Pharmaceuticals in drinking water
As monitoring technologies have become available and testing has increased, traces of more pharmaceuticals and personal care products (PPCPs) have been detected in surface waters and drinking water supplies. Pharmaceuticals include prescription drugs, veterinary drugs, and overthe- counter medicines. Personal care products cover a broad spectrum and include cosmetics, hair products, sun-screens, fragrances, anti-bacterial soaps, and vitamins. These chemicals are released to the environment in various ways, including elimination of human and animal waste, disposal of unused medicines down the toilet, veterinary drug usage, hospital waste disposal, and industrial discharges.
Although significant research is being conducted, much is unknown about the occurrence and movement of PPCPs in the environment, their occurrence in drinking water supplies, or about the potential health risks from exposure to PPCPs at extremely low levels through drinking water. Nonetheless, the detection of pharmaceuticals and related products in public water supplies generates concern, because many of these products are specifically designed to have a biological effect in humans, animals, and/or plants. Pharmaceuticals often contain chemical compounds that can affect the endocrine system by altering, mimicking, or impeding the function of hormones. Such endocrine disrupting chemicals (EDCs) have the potential to affect growth, development, reproduction, and metabolism. Over the past decade, scientists and regulators have become increasingly concerned about the effects that exposures to low levels of PPCPs may be having on aquatic organisms, and also potentially on human health.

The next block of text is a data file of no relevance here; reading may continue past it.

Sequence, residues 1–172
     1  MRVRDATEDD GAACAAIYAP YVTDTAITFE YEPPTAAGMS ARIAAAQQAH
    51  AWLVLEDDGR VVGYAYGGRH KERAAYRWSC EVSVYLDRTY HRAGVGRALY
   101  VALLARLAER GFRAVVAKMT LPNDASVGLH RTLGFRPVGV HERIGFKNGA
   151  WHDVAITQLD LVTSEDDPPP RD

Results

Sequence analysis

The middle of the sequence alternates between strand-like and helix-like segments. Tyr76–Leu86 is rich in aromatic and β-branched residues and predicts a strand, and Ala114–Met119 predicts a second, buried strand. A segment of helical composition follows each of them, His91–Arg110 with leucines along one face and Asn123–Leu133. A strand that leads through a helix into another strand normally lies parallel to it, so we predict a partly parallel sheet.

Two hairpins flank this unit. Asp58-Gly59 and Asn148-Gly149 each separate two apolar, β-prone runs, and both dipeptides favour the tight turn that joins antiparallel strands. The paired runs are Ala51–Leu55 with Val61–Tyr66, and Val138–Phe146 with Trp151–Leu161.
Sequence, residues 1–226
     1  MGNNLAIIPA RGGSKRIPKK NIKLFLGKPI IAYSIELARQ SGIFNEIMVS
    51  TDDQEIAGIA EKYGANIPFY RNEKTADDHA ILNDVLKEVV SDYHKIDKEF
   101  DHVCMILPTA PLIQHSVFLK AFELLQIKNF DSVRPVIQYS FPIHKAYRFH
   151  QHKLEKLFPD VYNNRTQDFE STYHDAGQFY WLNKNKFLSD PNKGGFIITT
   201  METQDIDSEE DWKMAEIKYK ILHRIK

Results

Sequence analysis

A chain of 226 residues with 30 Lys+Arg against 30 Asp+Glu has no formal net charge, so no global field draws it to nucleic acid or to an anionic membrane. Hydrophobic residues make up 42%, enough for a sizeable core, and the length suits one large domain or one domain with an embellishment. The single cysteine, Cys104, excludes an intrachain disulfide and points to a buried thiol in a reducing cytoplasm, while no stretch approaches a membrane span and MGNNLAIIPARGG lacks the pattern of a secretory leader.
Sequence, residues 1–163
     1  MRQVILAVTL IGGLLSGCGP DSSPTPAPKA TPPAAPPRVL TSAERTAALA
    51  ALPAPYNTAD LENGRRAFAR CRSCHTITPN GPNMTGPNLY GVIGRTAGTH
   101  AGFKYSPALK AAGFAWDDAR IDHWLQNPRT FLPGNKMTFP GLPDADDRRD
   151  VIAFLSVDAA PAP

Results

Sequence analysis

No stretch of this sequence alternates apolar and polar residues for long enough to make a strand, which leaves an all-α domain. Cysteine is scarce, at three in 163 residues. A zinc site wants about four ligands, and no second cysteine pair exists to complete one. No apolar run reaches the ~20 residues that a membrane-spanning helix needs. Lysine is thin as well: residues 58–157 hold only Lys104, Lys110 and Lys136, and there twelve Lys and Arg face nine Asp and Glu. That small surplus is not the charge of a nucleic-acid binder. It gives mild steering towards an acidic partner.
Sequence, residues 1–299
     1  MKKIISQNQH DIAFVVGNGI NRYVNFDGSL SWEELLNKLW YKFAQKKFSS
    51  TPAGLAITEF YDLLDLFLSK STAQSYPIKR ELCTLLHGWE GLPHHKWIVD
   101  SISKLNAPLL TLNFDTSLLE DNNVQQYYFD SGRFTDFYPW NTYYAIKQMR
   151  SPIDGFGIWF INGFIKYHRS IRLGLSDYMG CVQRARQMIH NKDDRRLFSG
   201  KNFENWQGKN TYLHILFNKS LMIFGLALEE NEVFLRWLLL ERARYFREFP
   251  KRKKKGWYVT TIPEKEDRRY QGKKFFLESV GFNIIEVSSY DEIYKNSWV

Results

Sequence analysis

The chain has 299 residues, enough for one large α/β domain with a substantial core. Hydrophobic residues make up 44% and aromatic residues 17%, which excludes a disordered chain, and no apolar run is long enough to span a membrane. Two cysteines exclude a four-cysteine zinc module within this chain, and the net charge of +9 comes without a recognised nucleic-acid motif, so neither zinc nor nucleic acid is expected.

The U.S. Geological Survey (USGS) and the U. S. Environmental Protection Agency (EPA) have identified a wide array of research needs and gaps that, if addressed, would help delineate the scope of environmental and human health issues that might result from the presence of PPCPs in the environment. The USGS has conducted research on the occurrence of hormones, pharmaceuticals, and other wastes in residential, industrial, and agricultural wastewater, and has found that a broad range of these chemicals occur commonly downstream from large urban areas and concentrated animal production areas. EPA has been conducting and supporting numerous PPCP research projects in several areas, including the relative importance of different sources of PPCPs in the environment (e.g., veterinary vs. human medicine), how PPCPs move through the environment, human exposure pathways, ecological exposure pathways, monitoring and detection tools, assessment of potential human health effects, and assessment of potential ecological effects. Research is also being conducted to evaluate the ability of drinking water treatment technologies to remove various PPCPs.
Ecological research has received particular attention because exposure risks for aquatic life have been considered to be much greater than those for humans. Nonetheless, a key research issue concerns the possible health risks from exposure to very low doses of the myriad chemicals found in PPCPs. Because PPCPs occur in the environment at low concentrations, their effects may be subtle. Among other research gaps, EPA has identified a need to develop tests that can detect more subtle health effects.
The agency is also conducting a study to determine the amount of PPCPs that are discharged to wastewater treatment plants from various sources. As part of this study, EPA is evaluating how hospitals and other institutions dispose of unused medications. Other research projects address the development of analytical methods to determine the source and fate of PPCPs in the environment.
As noted above, EPA proposed its third list of unregulated contaminants being considered for regulation in February 2008. This Contaminant Candidate List 3 (CCL 3) contains 104 contaminants, none of which are pharmaceuticals. Following recent reports of the detection of pharmaceuticals and commonly used over-the-counter drugs in the drinking water supplies of 24 large community water systems, EPA has asked its Science Advisory Board (SAB) and stakeholders to evaluate and comment on the contaminant candidate screening and selection process to determine whether the process requires revision.